#Shortstops: Pujols’ 2,000th RBI

Part of the SHORT STOPS series
Written by: Nicholas DiGrispino

With one swing of the bat, Albert Pujols became just the fifth player to reach 2,000 RBI and furthered what already looks to be a Hall of Fame career.

With that swing, Pujols joined Hank Aaron, Cap Anson, Álex Rodríguez and Babe Ruth with 2,000 RBI.

That home run on May 9, 2019, would also put Pujols on 639 career home runs, leaving him 21 shy of Willie Mays for fifth on the all-time home run list. On that day, Pujols would go 1-for-4, snapping what had been an 0-15 slump.

Throughout his career, Pujols has been known as one of the game’s greatest run producers.

His season-high watermark for RBI is 137 in 2006. Pujols would notch his first career RBI on April 6, 2001 in Arizona on a two run homer to left off of Armando Reynoso.

From there, it was off to the races. With St. Louis, he would average a startling 112 RBI per season. During that first season in 2001, Pujols would go on to drive in 130 runners.

That May day in Detroit would produce another headline aside from Albert Pujols joining the 2000 RBI club. When Pujols’s home run ball landed, it ricocheted around the empty seats at Comerica Park like a pinball.

It was then that a Tigers fan by the name of Ely Hydes would claim the ball as his own. Hydes corralled the ball as any fan would under the circumstances. This historic haul also happened to be the first ball caught at a ball game for the then 33-year-old Hydes.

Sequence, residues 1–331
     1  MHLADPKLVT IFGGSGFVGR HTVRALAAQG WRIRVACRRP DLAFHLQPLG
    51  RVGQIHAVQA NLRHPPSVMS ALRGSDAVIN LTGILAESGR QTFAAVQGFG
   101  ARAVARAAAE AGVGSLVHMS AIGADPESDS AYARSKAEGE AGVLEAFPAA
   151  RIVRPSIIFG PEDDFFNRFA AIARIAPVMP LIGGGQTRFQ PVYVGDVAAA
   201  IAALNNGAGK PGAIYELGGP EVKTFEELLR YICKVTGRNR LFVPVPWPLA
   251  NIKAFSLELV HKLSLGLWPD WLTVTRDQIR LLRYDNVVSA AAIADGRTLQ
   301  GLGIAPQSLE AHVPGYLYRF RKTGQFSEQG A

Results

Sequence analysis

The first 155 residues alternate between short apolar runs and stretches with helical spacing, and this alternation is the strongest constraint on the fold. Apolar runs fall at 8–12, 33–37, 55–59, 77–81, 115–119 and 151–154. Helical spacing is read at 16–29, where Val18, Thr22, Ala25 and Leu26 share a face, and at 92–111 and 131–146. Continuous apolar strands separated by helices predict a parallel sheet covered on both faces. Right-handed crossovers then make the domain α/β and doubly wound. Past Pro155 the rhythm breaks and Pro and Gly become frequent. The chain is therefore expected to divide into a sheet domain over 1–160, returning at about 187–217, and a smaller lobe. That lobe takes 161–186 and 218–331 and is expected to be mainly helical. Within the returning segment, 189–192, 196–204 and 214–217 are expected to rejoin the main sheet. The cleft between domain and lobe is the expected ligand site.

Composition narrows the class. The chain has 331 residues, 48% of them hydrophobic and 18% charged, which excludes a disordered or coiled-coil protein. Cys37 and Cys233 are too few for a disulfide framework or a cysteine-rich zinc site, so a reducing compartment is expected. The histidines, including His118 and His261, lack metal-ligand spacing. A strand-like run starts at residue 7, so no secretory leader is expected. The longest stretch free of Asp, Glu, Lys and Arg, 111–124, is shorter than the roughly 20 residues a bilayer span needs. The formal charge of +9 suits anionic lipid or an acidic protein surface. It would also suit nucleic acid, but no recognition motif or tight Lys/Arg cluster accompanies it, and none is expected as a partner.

Initially, Hydes opted to keep the ball as opposed to giving it up to Pujols. Hydes said he planned to give the ball to his brother or keep it for his soon-to-be-born child. Following the game, Pujols said: “He can have that piece of history. He has the right to keep it. The ball went in the stands.”

Hydes stored the ball in a safety deposit box for several months before final deciding to hand the ball over to be cared for by the National Baseball Hall of Fame and Museum.

The Hydes donated the ball in the name of their son, Cyrus Arlo Maloney, who died suddenly at the young age of 21 months on June 11, 2018. Cyrus was named after Hall of Famer Cy Young. The ball was presented in a ceremony to Hall of Fame President Tim Mead along with Director of Collections Susan MacKay.

The National Baseball Hall of Fame and Museum has a number of other Albert Pujols artifacts including the shoes that he wore in Game 3 of the 2011 World Series when he hit three home runs and the cleats that he was wearing when he notched his 500th career home run.


Nicholas DiGrispino is the 2022 library research intern in the Hall of Fame’s Frank and Peggy Steele Internship Program for Youth Leadership Development

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Part of the SHORT STOPS series